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First comment is negative, and then the rest of the thread keeps backing systemd as a great piece of software, calling the first comment baseless. You must be doing something right! :)

traceroute -m 60

That is all.

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It works, bitches.

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Laglig censur?
Press Release #PPUK BPI Legal action - BPI Legal action The proxy server the Pirate Party UK initially provided in solidarity with other parties in Europe, but later as an anti-censorship resource for UK users, has now been been removed. Loz Kaye made the following statement: Elected members of the party's National Executive Committee, along with the head of IT, received letters from lawyers acting for British Phonographic Industry (BPI), threatening them personally wit...

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... och till slut får vi ett bra DRM-system :)
I bought a digital video download today that required a video player from Leaping Brain. As usual, the proprietary player wasn't great and to transfer it to my iPhone I'd need another proprietary player. Ugh. But I browsed around and found that the video had been downloaded into a hidden directory as a bunch of .mov files. Great, except none of the files would play.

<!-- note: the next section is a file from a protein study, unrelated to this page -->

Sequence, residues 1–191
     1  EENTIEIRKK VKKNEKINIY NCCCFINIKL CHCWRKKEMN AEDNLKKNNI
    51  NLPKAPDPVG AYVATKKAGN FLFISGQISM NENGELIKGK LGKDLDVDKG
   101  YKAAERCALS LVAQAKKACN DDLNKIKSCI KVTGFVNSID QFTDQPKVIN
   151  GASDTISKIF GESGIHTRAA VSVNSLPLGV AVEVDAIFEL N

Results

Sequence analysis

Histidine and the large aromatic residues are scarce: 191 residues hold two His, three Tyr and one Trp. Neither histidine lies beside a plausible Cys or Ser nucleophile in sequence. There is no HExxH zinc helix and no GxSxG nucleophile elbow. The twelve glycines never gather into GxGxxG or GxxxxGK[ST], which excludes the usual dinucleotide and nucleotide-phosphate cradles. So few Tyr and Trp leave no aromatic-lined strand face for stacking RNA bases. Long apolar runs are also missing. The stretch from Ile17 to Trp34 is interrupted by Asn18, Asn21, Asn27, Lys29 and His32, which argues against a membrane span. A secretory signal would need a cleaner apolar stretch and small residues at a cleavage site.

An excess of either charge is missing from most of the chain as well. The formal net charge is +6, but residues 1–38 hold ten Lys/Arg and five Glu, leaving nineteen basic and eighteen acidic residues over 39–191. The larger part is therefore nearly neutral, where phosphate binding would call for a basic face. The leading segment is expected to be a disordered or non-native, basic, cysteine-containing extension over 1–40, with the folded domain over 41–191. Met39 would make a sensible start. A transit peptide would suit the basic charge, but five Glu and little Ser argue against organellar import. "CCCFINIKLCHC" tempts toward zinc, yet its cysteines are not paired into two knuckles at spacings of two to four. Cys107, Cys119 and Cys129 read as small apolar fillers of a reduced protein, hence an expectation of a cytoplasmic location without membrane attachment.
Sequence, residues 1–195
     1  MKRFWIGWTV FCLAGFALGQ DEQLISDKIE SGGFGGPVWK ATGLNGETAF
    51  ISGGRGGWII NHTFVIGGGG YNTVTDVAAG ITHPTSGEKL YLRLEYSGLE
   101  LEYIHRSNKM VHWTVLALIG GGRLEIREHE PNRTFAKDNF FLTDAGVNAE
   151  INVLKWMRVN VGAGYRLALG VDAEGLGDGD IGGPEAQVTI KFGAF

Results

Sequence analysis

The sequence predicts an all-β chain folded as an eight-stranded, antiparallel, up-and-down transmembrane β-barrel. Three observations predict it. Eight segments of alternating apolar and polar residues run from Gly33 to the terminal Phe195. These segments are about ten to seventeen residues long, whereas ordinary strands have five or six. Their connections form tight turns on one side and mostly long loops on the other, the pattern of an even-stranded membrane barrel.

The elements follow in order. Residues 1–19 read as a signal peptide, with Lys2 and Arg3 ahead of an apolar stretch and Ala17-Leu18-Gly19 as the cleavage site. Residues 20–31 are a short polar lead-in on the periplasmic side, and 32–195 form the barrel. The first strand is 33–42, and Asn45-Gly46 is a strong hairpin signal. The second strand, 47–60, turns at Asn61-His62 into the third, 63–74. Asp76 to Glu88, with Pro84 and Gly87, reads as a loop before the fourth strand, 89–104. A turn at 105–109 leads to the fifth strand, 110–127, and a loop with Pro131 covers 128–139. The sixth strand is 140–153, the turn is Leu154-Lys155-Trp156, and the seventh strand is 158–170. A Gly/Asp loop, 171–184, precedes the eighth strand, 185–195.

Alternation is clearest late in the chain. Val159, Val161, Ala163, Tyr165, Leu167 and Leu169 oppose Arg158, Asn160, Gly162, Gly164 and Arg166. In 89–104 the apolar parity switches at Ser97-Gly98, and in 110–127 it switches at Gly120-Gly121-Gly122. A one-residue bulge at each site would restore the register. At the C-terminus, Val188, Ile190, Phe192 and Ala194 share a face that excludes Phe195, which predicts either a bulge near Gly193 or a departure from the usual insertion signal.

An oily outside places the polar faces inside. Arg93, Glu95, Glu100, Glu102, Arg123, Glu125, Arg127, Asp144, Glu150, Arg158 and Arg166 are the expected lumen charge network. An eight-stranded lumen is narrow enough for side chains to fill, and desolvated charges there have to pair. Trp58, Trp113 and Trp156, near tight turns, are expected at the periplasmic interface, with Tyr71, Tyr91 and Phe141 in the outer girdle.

It turned out the actual player, launched from their compiled app, was a Python wrapper around some VLC libraries. Nothing funny going on, as far as I could tell, but when I tried to launch the player directly, nothing happened. The compiled app was modifying the .mov files right before they were loaded into the player, and then reverting the file on disk. According to

 "We apply our BrainTrust™ proprietary video encryption to your movies before we upload them to our servers. If someone ever was able to gain access to your content, the files would be useless and unplayable, because they are stored in a scrambled, encrypted format. Once downloaded to the user’s hard drive, the files are still encrypted and only readable via the MOD Machine Player by a legitimate owner. We are not aware of a better DRM scheme than ours. Where Windows Media DRM is easily crackable, and doesn’t run on Macs, BrainTrust™ works great on Windows 8, Vista, Windows XP and Mac, and is virtually uncrackable."

Virtually uncrackable? Well, since they load the file from a Python script, it's easy to make a copy of the "decrypted" file before it's reverted. Having done so, I was curious to see the encryption scheme. By comparing the binary files, I discovered the "proprietary video encryption" algorithm: for the first 15kB, each 1kB block has its initial bytes xor'd with the string "RANDOM_STRING". That's the "scrambled, encrypted format" that leaves these files "useless and unplayable".

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Ska det gå till på det här viset? Sprid. If the retailer, in this case Amazon, thinks you’re a crook, they will throw you out and take away everything that you bought.

edit: Tips om hur man tar bort DRM från Amazon Kindle-böcker: